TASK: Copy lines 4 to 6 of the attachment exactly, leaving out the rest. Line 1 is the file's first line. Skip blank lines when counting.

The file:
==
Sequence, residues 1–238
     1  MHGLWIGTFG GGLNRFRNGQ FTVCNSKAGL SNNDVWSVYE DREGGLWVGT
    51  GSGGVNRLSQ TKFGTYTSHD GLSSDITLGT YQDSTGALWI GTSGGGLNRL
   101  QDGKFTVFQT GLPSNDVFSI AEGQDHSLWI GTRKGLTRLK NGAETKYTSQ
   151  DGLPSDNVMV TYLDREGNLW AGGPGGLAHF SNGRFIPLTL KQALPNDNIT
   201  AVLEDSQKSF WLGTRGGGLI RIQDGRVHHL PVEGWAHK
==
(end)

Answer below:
   101  QDGKFTVFQT GLPSNDVFSI AEGQDHSLWI GTRKGLTRLK NGAETKYTSQ
   151  DGLPSDNVMV TYLDREGNLW AGGPGGLAHF SNGRFIPLTL KQALPNDNIT
   201  AVLEDSQKSF WLGTRGGGLI RIQDGRVHHL PVEGWAHK